AMA Publishes Set of Privacy Principles for Non-HIPAA-Covered Entities

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The American Medical Association (AMA) has published a set of privacy principles for non-HIPAA-covered entities to help ensure that the privacy of consumers is protected, even when healthcare data is provided to data holders that do not need to comply with HIPAA Rules.

HIPAA only applies to healthcare providers, health plans, healthcare clearinghouses (covered entities) and business associates of those entities. HIPAA requires those entities to protect the privacy of patients and implement security controls to keep their healthcare data private and confidential. When the same healthcare data is shared with an entity that is not covered by HIPAA, those protections do not need to be in place. HIPAA also gives patients rights over their health data, but those rights do not apply to health data sent to a non-HIPAA-covered entity.

The Centers for Medicare and Medicaid Services (CMS) and the Office of the National Coordinator for Health IT (ONS) have recently published rules to prevent information blocking and improve sharing of healthcare data. One requirement is to allow patients to have their health data sent to a third-party app of their choice. In most cases, the developers of those apps are not HIPAA-covered entities.

Discussions are taking place in Congress about new federal regulations covering healthcare data provided to non-HIPAA-covered entities and several legislative acts have been proposed, although none have so far attracted sufficient support.

The new privacy principles developed by the AMA are intended to give consumers greater control over their healthcare data when it is held by a non-HIPAA-covered entity and to inform discussions about new legislation to better protect privacy when health data is shared with third-parties outside of the healthcare system.

In a recent blog post announcing the new privacy principles, the AMA explained that patients’ confidence in the privacy and security of their data has been shaken. The business models of many tech companies involve gathering extensive information about consumers personal lives, in many cases with a lack of transparency and consent. There have been many scandals over personal data which have made consumers nervous about sharing data not only with tech companies but also with their healthcare providers.

Consumers are now less willing to provide health information to physicians, as they are worried that the information may not remain private and confidential and may even be shared with tech companies. The AMA is particularly concerned that the recent CMS and ONC rule changes will make it even more likely that patients will feel that they should withhold certain healthcare data from their healthcare providers.

The privacy principles will help to ensure that guardrails are placed around healthcare data and patients are given meaningful control over their healthcare data and will be told, in clear and easy to understand language, exactly how their health data will be used and with whom that information will be shared. The privacy principles also cover data that has not historically been considered to be personally identifiable such as IP addresses and mobile phone advertising identifiers but could in fact be used to identify an individual.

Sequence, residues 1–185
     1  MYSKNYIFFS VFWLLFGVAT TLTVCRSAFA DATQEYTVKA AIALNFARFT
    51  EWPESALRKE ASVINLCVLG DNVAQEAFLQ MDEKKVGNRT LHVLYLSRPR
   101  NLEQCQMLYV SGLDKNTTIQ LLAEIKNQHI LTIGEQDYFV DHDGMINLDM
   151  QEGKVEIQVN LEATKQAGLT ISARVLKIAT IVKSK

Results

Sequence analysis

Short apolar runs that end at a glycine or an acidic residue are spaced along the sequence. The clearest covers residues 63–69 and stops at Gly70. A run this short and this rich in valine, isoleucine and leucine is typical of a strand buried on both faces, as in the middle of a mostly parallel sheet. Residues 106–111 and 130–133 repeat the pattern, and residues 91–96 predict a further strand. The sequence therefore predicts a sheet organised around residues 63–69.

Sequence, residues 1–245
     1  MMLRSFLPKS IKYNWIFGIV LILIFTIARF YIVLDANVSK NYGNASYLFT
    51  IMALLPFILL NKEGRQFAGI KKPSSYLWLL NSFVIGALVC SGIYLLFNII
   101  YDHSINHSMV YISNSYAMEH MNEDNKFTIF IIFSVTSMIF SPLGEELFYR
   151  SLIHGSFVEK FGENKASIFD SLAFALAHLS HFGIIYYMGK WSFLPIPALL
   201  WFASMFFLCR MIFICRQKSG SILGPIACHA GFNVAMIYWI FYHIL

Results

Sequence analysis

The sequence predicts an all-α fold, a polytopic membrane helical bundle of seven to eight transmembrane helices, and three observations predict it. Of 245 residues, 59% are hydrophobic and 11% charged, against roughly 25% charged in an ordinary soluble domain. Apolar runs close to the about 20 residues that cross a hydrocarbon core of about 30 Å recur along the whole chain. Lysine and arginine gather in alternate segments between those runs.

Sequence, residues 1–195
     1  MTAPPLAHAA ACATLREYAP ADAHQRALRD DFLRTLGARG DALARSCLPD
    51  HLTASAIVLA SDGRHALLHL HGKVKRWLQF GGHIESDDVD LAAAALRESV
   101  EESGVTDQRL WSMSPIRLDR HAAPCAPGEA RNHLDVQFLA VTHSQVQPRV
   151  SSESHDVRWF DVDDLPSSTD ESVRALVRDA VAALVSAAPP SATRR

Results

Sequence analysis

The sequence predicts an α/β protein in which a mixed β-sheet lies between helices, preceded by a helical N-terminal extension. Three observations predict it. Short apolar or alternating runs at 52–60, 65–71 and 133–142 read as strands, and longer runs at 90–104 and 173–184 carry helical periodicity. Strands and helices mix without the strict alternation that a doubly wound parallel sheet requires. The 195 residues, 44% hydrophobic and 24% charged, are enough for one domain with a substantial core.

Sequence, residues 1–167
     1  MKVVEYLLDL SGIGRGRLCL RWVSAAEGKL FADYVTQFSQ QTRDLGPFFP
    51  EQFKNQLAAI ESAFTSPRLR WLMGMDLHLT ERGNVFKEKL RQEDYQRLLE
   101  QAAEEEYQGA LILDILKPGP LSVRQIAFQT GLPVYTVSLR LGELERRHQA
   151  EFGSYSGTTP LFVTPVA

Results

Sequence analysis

The privacy principles detail rights that individuals should have over their healthcare data and protections that need to be implemented to protect against healthcare data being used to discriminate against individuals. The AMA is also attempting to shift the responsibility for privacy from individuals to data holders, who must be responsible stewards of any data provided to them. In cases where privacy is violated, the AMA is calling for tough penalties to be imposed and for there to be robust enforcement of any new national privacy legislation. Robust enforcement will help to maintain trust in digital health tools, including smartphone apps that can be used to access healthcare data.

The privacy principles establish 12 rights that individuals should have over their health data, equity factors that must be taken into account in any privacy laws, and the responsibilities of data holders to protect the privacy of consumers. Also included are a set of requirements for enforcement of new privacy regulations covering health data.

“The AMA privacy principles set a framework for national protections that provide patients with meaningful control and transparency over the access and use of their data,” said AMA President Patrice A. Harris, M.D., M.A. “Preserving patient trust is critical if digital health technologies are to facilitate an era of more accessible, coordinated, and personalized care.

You can view the AMA’s privacy principles on this link.

Author: Steve Alder has many years of experience as a journalist, and comes from a background in market research. He is a specialist on legal and regulatory affairs, and has several years of experience writing about HIPAA. Steve holds a B.Sc. from the University of Liverpool.

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